Red is also the color of vitality and power, and it very attractive to people searching for intensity and raw enjoyment. Upon the sight of red, a person’s blood pressure, metabolism, and rate of respiration increase. It’s also the most eye-grabbing color and stands out the most on its own. This is especially notable in the show’s city environment, where everything is dyed green, blue, and purple, the three colors directly opposite of red on the traditional color wheel. HOMRA is made up of ruffians whose brusque actions contrast the orderly city life. They’re passionate and lawless. In fact, the only scenes where we see a red filter take place in the Red Clan base, which is immediately disrupted by Yata’s brawl (and is quickly dissolved by the second-in-command). Just as with the clan itself, the red hints at violence, disruption, but at the same time, camaraderie and brotherly blood inside the bar. The Red Clan embodies the disruption, violence, and the outstanding passion and wide level of emotions that the red color brings to our senses.
Contrarily, the Blue Clan represents the opposite: serenity, peace, and law. Once again coming from a biological perspective, the color blue also releases endorphins upon sight, except this time to relieve the body and make us feel better. In fact, it even does the exact opposite of red and slows and relaxes the metabolism while suppressing the appetite. Aptly, blue is commonly associated with tranquility and order: blue is a common color amongst social workers and is oftentimes attributed to the police force (the Po-Po, 5-O, other slang cop mumbo-jumbo etc). Like the cops, the Blue Clan act as the enforcers of the 「K」 world. They dedicate themselves to controlling the chaos caused by HOMRA and defend the city. Hell, this symbolism isn’t even close to subtle; the Blue Clan has a literal jail inside their offices. They maintain the chaos and violence in the city by working as a shadow police force. Opposite of the violent Red Clan, the ultimate goal of the Blue’s is order and security.
Blue is also a serious, professional color often used in the business environment for an impression of contentment and reliability. Again contrasting the wild Red Clan, the Blue’s follow a typical corporate structure. Their mainstay isn’t a bar, but an actual business office drenched in professionalism. They have roots to the nation’s heads and order around the prime minister of Japan around as if they were his boss. In opposition to emotionally (and you know, literally) warm colors like yellow, orange, and red, blue is linked to intellect and thought. It’s a dead serious shade of color and represents the callous and cold Blue Clan perfectly. The cool, calculating nature of blue is a perfect match for the business-like and overly serious Blue Clan.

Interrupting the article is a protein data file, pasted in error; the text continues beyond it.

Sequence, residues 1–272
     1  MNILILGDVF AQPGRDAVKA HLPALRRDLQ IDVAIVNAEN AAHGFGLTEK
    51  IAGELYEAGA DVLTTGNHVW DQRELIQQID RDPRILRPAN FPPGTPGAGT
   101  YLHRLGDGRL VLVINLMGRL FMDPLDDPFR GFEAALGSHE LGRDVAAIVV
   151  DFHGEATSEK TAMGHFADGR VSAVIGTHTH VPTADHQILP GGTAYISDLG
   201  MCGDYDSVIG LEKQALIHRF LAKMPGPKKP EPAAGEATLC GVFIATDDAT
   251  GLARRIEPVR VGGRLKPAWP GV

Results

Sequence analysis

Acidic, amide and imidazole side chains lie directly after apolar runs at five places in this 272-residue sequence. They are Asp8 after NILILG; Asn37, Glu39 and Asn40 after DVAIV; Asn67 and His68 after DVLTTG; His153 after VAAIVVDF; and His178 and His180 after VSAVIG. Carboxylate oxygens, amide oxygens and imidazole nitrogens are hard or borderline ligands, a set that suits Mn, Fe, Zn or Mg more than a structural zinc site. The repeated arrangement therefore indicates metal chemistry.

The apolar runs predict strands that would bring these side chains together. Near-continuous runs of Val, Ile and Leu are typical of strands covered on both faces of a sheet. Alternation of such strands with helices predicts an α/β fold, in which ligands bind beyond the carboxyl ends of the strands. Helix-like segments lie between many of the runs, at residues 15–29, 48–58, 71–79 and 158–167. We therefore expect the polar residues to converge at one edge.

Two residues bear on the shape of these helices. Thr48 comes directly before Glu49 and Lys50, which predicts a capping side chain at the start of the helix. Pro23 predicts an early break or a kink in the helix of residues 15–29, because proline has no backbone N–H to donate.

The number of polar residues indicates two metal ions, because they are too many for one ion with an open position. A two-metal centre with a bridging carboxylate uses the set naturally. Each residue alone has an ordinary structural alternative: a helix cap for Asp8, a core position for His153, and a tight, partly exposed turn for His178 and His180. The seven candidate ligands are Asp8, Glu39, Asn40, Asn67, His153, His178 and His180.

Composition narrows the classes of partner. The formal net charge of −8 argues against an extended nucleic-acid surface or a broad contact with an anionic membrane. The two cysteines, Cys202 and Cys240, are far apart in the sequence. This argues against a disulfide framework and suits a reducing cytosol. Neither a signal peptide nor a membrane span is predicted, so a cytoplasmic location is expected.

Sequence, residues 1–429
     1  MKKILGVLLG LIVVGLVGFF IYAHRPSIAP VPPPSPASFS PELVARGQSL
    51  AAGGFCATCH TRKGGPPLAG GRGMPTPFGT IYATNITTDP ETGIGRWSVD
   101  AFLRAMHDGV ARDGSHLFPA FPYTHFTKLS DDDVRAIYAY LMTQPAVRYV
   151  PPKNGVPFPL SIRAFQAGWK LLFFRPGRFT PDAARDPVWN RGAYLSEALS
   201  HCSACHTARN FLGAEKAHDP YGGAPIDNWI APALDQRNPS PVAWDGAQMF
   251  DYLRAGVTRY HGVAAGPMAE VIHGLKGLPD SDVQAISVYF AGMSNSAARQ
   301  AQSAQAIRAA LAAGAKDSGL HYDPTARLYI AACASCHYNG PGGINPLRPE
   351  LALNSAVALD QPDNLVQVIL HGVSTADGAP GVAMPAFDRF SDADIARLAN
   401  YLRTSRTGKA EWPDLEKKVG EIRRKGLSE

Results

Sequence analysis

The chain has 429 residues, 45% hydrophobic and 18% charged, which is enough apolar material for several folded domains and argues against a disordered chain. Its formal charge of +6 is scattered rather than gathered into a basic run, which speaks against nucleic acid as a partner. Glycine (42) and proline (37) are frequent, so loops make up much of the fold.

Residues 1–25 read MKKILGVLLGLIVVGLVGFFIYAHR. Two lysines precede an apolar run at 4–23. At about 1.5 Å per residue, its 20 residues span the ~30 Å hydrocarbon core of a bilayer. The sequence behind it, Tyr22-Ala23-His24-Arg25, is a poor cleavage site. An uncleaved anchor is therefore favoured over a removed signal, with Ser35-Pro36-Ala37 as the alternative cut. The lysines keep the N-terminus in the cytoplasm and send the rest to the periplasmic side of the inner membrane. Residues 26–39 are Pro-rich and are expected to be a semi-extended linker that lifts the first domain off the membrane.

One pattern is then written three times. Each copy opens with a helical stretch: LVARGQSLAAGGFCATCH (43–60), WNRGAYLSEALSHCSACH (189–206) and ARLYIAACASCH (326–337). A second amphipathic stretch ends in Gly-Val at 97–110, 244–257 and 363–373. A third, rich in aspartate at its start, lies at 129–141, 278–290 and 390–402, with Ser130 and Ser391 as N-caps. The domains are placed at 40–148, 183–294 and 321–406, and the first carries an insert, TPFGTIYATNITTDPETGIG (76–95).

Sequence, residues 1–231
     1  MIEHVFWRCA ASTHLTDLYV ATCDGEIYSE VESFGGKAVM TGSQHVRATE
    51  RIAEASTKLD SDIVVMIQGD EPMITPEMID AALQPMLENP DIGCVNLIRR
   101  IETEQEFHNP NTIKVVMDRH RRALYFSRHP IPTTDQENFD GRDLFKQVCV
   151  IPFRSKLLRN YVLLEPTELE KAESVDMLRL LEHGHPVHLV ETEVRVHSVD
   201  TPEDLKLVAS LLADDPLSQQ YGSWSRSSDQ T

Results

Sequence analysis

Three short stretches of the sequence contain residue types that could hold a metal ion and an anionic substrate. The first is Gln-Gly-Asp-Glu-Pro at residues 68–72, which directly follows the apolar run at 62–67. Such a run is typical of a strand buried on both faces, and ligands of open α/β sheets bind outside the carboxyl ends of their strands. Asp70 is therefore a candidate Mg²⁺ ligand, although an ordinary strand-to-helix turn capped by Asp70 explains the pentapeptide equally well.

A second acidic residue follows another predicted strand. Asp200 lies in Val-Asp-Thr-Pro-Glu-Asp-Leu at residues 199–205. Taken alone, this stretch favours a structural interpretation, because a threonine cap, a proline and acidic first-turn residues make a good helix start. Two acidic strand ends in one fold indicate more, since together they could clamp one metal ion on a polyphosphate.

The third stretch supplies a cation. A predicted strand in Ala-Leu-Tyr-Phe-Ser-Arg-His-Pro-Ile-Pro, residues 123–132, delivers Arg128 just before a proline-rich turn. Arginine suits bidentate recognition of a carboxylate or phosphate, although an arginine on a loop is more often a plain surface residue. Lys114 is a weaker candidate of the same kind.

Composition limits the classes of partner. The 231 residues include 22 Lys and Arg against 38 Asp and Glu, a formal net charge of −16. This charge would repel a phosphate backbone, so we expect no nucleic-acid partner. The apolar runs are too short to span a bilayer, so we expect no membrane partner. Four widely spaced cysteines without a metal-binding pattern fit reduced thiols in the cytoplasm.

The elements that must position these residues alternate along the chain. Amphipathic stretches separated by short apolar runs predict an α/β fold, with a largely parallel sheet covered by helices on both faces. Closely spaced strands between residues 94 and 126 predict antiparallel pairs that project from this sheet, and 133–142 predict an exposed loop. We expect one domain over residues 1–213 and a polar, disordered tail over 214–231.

The final additions to the dualistic, Yin-Yang nature of the show are the two male protagonists, Shiro and Kuroh. Again putting emphasis on the surface,「K」doesn’t even try to conceal the opposing color in the Shiro and Kuroh (for god’s sake, they’re named after the colors themselves!). As the naming suggests, the two are complete opposites in terms of personality and characterization: Shiro is careless, free, and innocent, while Kuroh is serious to a fault, well experienced, and a hardened veteran. However, while Kuroh’s distinction as a griever neck-deep in elegance (the color again being a dead give away) I’d rather spend more time talking about the other half of the pair.
Contrary to popular belief, the major arcana in tarot are used to tell a quite fascinating story. From the Sun to the Moon, to the Empress to the Chariot, the twenty-two cards of the tarot tell a story of gradual growth, with each assigned Roman numerals to track their order. However, at the very beginning of the deck lies a numberless card, the zero, lying untouched by any foreign influences or evils. The Fool, the alpha and the unnumbered, often accompanied by small animal of sorts, is the beginning and end of the tarot. His potential is limitless, and when added to something he can become anything. A surprisingly cunning prankster and hopeful idiot, the Fool is an innocent characterized by his goal to enjoy life, with all its paradoxes and dilemmas. It can be no coincidence that Shiro, the embodiment of the Fool and the hero of this journey, is represented by the untainted and stainless color white, the color of beginnings and boundless potential.
- Personally, the abundance of blue color hurts my eyes. It’s effective for conveying symbolic messages, but still, it freakin’ hurts like hell sometimes.
- Don’t fool yourself,「K」has depth, but paradoxically on the surface, not in the story. Don’t think, describe. 「K」isn’t deep, it’s just really stupid in a really smart way.
- I’m either a genius for finding this, or just going crazy. Both are a possibility.